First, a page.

After two or three hours of picking we see the woman burn some small branches; she has put some stones around the tiny little fire and a tea pot on the stones. After a while she calls us to have a break and we find a proper meal there prepared for us: hot bread, tea, humous, oil, yoghurt, zatah, olives… about ten small dishes we all dip into with the bread we are given. This is how they eat here, it seems. No one has an individual plate, we all dip into these small dishes, one at a time.

We finish eating and go back to work. When there are lots of olives on the blanket, what we do is, we sit down on it and separate the olives from the leaves, and put the olives only in white sacks with capacity for about 50 kilograms. Later these sacks will go on the back of the family donkey, which is patiently waiting a few metres from the last olives that we expect to work on. We “do” another ten olive trees and we have another break, again with some food.

On the top of the mountain where we are working we can not see the settlement, but we can hear voices from time to time. In a certain moment, the father, from the top of the tree where he is, sees a few settlers who are coming towards his field. The most important thing is whatever the Palestinians need or want so we ask him. He has a moment of hesitation. He has no permission. He has spent a whole day working on his field, and the fruit of it is still in the sacks, on the ground. If those men are settlers, they can rob him of the whole day’s work, or the donkey, or the ladders, or all of it, and then get away with all of it.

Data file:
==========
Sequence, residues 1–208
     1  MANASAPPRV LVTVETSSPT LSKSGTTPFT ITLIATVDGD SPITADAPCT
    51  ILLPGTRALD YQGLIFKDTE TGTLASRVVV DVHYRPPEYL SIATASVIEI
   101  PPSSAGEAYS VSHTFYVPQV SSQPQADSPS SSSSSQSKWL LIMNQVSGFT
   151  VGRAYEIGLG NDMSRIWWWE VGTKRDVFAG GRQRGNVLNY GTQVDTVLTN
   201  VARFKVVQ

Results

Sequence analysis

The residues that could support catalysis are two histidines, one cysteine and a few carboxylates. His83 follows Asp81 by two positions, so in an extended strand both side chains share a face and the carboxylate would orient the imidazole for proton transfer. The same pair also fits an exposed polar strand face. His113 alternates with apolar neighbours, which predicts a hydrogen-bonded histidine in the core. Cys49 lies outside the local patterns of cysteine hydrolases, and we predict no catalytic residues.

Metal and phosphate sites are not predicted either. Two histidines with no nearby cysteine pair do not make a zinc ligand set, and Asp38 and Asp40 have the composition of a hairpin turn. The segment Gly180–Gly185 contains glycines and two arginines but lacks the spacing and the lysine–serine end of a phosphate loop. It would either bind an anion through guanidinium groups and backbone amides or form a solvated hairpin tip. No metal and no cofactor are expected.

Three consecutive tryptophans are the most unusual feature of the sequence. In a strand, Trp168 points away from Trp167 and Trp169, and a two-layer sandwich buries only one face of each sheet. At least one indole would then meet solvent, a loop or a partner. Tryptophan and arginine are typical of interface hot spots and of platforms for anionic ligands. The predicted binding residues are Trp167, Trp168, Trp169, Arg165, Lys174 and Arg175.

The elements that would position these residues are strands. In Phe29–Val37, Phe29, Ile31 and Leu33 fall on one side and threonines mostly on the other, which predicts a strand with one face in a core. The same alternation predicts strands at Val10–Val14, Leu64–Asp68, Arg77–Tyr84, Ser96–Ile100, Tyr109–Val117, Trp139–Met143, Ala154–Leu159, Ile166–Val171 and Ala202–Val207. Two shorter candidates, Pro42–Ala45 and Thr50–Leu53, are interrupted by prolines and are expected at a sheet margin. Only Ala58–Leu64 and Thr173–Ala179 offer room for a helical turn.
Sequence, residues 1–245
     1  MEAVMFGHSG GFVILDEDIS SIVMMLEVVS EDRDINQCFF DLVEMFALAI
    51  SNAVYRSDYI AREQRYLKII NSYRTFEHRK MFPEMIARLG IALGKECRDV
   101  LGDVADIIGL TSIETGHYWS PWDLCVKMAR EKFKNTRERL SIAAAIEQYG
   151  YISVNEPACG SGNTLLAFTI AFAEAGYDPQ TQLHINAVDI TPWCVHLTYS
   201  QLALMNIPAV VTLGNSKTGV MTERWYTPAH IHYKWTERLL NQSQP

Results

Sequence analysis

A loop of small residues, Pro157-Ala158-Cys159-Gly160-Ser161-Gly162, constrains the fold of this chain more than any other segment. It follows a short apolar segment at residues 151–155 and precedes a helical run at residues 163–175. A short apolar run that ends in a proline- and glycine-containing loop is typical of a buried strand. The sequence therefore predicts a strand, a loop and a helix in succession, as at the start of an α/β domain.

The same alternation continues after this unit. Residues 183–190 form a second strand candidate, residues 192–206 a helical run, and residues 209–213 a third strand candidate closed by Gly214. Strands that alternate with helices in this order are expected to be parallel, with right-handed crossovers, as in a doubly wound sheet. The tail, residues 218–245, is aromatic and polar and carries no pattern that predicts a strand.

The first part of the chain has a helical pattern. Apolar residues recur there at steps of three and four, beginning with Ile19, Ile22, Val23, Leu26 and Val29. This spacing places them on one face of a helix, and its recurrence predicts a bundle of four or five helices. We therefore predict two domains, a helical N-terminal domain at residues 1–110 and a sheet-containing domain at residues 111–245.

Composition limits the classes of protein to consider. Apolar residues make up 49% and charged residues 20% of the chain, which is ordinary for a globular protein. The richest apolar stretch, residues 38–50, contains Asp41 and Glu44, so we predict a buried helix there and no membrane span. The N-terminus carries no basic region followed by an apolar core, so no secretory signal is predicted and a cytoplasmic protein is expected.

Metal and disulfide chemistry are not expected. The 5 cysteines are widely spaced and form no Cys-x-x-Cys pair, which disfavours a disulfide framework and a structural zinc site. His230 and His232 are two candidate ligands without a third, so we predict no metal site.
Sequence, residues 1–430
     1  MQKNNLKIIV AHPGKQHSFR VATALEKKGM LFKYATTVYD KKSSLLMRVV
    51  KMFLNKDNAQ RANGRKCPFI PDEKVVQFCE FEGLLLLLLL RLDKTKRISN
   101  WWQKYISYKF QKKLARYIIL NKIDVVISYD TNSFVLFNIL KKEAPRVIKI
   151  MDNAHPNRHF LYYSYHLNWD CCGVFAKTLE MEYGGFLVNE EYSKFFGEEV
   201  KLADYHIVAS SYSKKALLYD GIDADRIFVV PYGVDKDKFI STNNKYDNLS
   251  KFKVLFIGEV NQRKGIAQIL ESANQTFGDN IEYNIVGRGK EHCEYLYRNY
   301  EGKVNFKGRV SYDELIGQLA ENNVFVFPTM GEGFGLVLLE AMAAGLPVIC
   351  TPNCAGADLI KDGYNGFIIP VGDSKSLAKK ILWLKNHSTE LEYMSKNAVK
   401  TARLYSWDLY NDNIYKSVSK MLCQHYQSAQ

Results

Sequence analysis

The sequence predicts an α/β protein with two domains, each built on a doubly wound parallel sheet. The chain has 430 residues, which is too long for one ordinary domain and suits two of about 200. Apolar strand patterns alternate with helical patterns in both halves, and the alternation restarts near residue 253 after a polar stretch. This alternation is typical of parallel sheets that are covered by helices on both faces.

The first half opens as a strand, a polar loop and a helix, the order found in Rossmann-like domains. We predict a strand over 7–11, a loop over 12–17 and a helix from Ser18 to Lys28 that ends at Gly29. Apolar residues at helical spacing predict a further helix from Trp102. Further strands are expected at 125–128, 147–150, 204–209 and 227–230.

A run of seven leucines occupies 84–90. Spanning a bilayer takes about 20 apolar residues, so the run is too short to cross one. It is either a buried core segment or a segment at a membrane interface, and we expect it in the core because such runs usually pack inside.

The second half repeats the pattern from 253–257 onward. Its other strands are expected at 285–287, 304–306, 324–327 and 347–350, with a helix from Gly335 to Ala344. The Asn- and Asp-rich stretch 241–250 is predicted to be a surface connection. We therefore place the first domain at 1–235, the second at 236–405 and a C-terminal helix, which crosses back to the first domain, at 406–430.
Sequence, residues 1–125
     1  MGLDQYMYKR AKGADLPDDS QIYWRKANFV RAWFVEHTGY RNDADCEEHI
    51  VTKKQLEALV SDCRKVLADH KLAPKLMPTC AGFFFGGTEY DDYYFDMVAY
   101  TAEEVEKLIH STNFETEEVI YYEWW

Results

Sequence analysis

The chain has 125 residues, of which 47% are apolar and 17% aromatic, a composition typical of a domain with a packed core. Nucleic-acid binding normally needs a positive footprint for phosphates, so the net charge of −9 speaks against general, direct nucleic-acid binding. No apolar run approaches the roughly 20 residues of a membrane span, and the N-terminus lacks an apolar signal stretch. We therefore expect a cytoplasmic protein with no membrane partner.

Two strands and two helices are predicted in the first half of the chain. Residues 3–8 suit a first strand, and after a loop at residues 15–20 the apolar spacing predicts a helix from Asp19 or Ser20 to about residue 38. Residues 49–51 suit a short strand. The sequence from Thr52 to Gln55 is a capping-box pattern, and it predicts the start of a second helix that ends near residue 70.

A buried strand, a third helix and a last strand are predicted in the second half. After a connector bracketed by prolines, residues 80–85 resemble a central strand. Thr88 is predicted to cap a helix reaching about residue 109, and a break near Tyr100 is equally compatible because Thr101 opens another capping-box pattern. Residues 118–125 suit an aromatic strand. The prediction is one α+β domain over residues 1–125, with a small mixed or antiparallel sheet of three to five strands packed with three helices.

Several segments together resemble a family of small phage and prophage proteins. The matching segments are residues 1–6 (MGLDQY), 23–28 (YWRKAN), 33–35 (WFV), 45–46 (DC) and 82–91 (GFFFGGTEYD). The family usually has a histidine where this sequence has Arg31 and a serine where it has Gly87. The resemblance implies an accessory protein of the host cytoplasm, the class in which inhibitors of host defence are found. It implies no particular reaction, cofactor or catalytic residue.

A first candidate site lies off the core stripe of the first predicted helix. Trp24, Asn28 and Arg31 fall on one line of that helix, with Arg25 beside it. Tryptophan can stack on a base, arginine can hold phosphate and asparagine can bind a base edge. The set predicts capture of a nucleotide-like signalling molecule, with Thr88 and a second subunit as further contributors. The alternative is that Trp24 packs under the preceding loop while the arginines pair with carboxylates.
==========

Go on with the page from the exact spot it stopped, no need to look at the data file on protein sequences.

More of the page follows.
Moreover, some one can get hurt. The priority of the Palestinian people that we help is always the security of the internationals that are helping them. And then their own.

Finally they tells us that he prefers to leave. We help them gather everything quickly, he puts the sacks on the donkey and we all go down the hill to their village. We then go on our way up to a place where a taxi can pick us up, at the beginning of the road.

Luckily, this man has not lost more than ten minutes of work. It is possible that the settlers have not seen us, or that they were just some security guards going a round, and that they didn’t want to rob anything or even harass them, but it is too risky to try to find out in such a vulnerable situation. We will come back here again tomorrow.

We get on our taxi and we pass through the village. Old men sit in front of their houses, some walk. They all have ‘caffias’, on their heads, of the kind that Arafat used to wear. They all wear it white with strips and squares of different colours; I learn that the colours have their political meaning. The black is worn by the supporters of ‘fatah’, which must be a political party. The red is worn by supporters of PLFP (probably Palestinian liberation front party), and the green by the supporters of Hammas.